The End Of Alice by A.M.

Homes

Intensely Beautiful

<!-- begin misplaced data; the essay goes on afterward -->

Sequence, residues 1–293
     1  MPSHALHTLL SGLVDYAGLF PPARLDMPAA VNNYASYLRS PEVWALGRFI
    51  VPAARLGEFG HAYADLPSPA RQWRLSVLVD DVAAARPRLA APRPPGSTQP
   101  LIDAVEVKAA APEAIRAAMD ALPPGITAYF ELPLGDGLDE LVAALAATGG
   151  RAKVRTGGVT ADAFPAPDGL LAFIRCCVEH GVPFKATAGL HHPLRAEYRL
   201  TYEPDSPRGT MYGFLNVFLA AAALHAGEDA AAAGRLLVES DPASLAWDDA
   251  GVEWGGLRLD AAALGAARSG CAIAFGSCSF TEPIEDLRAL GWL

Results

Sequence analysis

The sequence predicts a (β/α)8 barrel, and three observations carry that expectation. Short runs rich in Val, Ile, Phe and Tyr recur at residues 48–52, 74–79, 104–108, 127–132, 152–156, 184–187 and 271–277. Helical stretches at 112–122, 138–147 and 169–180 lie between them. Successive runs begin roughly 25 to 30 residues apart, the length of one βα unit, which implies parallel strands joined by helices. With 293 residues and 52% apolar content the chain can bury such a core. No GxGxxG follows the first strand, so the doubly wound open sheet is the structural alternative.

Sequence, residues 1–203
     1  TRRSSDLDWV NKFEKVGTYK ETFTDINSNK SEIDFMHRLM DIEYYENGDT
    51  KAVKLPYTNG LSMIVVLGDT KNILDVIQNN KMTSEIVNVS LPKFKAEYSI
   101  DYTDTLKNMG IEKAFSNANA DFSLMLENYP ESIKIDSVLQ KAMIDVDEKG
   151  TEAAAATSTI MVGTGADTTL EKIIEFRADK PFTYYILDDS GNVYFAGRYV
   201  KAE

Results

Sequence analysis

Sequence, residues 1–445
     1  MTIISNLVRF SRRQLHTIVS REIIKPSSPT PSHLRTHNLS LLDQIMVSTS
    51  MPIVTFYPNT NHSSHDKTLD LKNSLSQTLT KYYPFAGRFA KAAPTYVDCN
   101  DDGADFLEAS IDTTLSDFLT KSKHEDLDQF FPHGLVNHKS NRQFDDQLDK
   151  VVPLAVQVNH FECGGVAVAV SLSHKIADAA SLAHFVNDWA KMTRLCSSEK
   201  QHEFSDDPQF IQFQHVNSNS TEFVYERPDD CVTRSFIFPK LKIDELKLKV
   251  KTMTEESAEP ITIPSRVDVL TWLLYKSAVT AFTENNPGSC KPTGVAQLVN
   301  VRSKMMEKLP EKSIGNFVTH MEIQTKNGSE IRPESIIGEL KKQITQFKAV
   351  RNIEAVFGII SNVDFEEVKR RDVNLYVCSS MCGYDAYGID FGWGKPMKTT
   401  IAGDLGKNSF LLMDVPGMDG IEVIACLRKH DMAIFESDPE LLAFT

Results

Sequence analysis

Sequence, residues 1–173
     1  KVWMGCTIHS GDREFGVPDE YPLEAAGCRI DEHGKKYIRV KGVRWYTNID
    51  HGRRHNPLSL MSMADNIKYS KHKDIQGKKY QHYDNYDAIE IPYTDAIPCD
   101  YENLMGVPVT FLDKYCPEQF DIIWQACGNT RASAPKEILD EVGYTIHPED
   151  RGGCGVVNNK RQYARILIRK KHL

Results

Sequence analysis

The narrator is Chappy, a pedophile whos been locked up in Sing Sing for 23 years. The tale alternates between Chappys own story (both outside and inside of prison), and letters he receives from a 19-year-old girl who knows of Alices fate and wants to start playing with 12-year-old boys. The girls letters distur b Chappy, bringing his memories vividly to the fore. In prose that is both lyrical and horrifyingly direct, A.M. Amy Homes takes us into the minds of the correspondents. Chappy is bright, analytical, and reminiscent of Nabokov in the way he talks about his Lolita. But the sex is graphic and often bizarre, and the authors tone is chilly, so its not a book to be picked up lightly. As Daphne Merkin writes in the New York Times, its a splashy, not particularly likable book whose best moments are quietly observed and whose underlying themes are more serious than prurient. Unlike most of the reviewers, I didnt find this book disturbing, disgusting or horrifying at all. No, it was a carefully crafted piece of art that touched many untouched subjects, perversion, death, insanity, and most of all love in ways that they is hardly portrayed. This book goes down to the fundamental elements of the soul and society. My words cant even begin to describe 20% of the true heart-rendering soul of this novel. An innovative take on the subject (an isolated perverts correspondence with another isolated pervert) and I hope that more people will begin to realize how many more of these honest books are needed. To clear any confusion, I (and this book) are not advocating pedophilia or crime, I only want to say that everyone has different quirks...and in _The End of Alice_ one is taken to the extreme.

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